Bart (not his real name) is not one of the coffee regulars. He comes to coffee about once a week, usually when he looks over from his trailer two blocks away and sees the vehicle of one of his buddies. His buddies are unfailingly generous. The spot him money for a soft drink and, sometimes, breakfast.
Bart is, give-or-take, about sixty years old. He works cash-money jobs, things like junking cars, busting transmissions to separate magnetic from non-magnetic metal, working the car wash or moping the laund-ro-mat...that kind of gig. He is about seventy pounds overweight and sports a wallet attached to his belt with a logging chain.
This morning he was beside himself. His property had been condemned and he was being forcibly relocated. His mother bought the trailer in 1965 and has not aged gracefully. He is not a man of means.
He had been assigned a social worker. She believes in tough love. She gave him a choice: The city mission which is infested with alcoholics, drug addicts and bed-bugs, or a squalid dump in Charlotte, Michigan.
I think Bart has ADHD and is not able to read.
He has never lived outside of Eaton Rapids city limits. Charlotte is, in his mind, as far away as Wisconsin. He also finds the duration of the lease, 6 months, to be an unfathomable amount of time.
Bart was so stressed he was about to puke. Everything he had to do over the next three days was running over-and-over in his mind, forming a tangled Gordian knot.
I went out to the truck and found a pen and a Steno pad.
I sat down with him and his buddy "Suicide".
I labeled two pages "Wednesday", one page "Thursday" and one page "Friday".
And I just started writing things down. Who...What...How...Where...When... You get the drift.
When he repeated I said, "Already got that one."
Suicide had a smart phone. We pulled up a map. His new digs will be three blocks east of downtown Charlotte on Prairie Street.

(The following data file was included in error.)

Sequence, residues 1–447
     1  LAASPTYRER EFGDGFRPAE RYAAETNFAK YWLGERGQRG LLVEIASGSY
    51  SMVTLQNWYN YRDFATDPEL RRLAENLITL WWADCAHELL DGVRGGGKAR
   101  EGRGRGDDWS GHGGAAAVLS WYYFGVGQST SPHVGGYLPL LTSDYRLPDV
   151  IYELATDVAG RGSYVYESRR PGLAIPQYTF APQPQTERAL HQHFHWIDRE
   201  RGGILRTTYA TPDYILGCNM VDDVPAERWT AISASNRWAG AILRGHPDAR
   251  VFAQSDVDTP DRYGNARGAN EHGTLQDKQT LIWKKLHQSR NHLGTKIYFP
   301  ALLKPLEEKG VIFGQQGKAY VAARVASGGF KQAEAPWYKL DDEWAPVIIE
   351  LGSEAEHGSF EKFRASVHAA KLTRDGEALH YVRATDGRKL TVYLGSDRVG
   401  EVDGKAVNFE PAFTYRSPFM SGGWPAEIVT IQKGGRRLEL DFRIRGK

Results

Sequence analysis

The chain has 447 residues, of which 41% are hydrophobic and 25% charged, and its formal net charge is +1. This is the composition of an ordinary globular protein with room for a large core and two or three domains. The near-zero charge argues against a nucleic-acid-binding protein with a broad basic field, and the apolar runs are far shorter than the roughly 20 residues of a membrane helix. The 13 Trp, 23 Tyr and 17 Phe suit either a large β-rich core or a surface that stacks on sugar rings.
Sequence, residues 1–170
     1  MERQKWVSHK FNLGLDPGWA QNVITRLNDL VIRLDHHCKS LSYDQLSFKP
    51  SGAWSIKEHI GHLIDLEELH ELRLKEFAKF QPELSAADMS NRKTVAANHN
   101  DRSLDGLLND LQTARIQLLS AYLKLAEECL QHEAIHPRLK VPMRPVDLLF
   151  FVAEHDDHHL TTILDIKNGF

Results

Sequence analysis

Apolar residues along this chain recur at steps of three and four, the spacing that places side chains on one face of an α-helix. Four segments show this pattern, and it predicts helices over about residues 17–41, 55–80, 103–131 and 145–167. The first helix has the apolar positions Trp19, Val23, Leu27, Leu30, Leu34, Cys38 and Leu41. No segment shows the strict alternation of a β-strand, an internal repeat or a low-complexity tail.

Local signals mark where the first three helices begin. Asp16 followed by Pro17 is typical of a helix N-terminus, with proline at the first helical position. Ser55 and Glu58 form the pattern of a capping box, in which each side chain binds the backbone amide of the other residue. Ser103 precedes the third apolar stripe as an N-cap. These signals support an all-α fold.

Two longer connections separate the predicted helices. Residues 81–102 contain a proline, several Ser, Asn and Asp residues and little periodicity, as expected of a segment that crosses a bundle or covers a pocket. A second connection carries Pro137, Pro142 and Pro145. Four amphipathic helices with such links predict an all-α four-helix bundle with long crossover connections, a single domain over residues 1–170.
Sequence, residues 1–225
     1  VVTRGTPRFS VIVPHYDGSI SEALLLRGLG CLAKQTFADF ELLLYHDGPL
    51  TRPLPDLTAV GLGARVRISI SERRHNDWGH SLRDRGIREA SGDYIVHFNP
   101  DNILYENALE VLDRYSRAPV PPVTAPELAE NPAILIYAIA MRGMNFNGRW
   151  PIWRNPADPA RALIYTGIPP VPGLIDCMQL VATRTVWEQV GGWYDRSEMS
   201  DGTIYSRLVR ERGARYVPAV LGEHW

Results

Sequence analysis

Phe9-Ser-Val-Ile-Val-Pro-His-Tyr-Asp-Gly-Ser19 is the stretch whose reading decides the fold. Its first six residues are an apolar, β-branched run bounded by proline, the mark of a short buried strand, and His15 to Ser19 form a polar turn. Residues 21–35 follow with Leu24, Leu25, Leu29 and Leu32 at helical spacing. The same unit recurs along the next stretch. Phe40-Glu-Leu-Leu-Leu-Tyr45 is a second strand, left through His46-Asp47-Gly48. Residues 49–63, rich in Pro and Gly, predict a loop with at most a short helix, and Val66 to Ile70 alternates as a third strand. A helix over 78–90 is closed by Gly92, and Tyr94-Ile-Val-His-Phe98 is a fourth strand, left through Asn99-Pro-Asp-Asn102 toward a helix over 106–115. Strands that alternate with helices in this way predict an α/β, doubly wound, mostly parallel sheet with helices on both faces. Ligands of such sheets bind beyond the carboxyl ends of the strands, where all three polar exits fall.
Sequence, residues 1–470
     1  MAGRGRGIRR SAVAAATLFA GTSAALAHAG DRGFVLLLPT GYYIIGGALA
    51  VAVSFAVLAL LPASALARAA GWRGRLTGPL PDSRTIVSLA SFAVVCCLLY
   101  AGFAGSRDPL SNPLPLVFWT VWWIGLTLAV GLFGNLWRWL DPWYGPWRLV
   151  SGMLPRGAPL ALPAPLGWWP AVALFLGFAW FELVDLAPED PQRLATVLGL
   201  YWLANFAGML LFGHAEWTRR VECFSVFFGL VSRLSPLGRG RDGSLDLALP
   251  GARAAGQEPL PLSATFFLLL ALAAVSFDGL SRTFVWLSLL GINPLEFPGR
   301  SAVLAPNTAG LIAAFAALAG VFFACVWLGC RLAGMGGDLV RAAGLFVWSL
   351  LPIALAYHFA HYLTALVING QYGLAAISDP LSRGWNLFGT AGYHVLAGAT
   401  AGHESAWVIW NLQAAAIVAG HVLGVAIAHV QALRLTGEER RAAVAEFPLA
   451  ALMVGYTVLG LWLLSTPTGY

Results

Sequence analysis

I called his social worker and left a message. Bart had seen the apartment in Charlotte. It had wash basins knocked off the wall and sitting on the floor. It had holes in the drywall. I suggested, to his social worker, that she take a boat load of digital pictures when Bart moved in. That way the county would not get stuck with repairing damage that was there when Bart moved in. She never returned the call but Bart visibly calmed down after that call. He was afraid that he would be on-the-hook for the damage....not that he had the means to pay for the repair.
Then I called his lawyer. I left a message. I told Bart's lawyer the street address of Bart's new apartment. Unfortunately, Bart did not know the unit number, but lawyers are smart and can figure stuff out. Bart calmed down a little bit more.
One of the major issues, for Bart, is that he has a small life insurance policy so he can be buried with dignity. He is paying $25 a month for $15,000 term life which is an outrageous premium for a sixty year old non-smoker...but he is only playing with 42 cards in his deck. His concern is that his policy will be cancelled and his body will be tossed into the city dump or sold to a medical school. I wrote "Have Esther call Dupem and Screwem Insurance company with Change of Address info."
Bart was calm enough to cadge $5 from Suicide, walk up to the counter and order breakfast.
He had a list. He was going to kick asses and then take names of everybody left standing. Even if he cannot read it.
That Steno pad was the best $1 I ever spent, way more effective than Pexeva and a hell of a lot less expensive.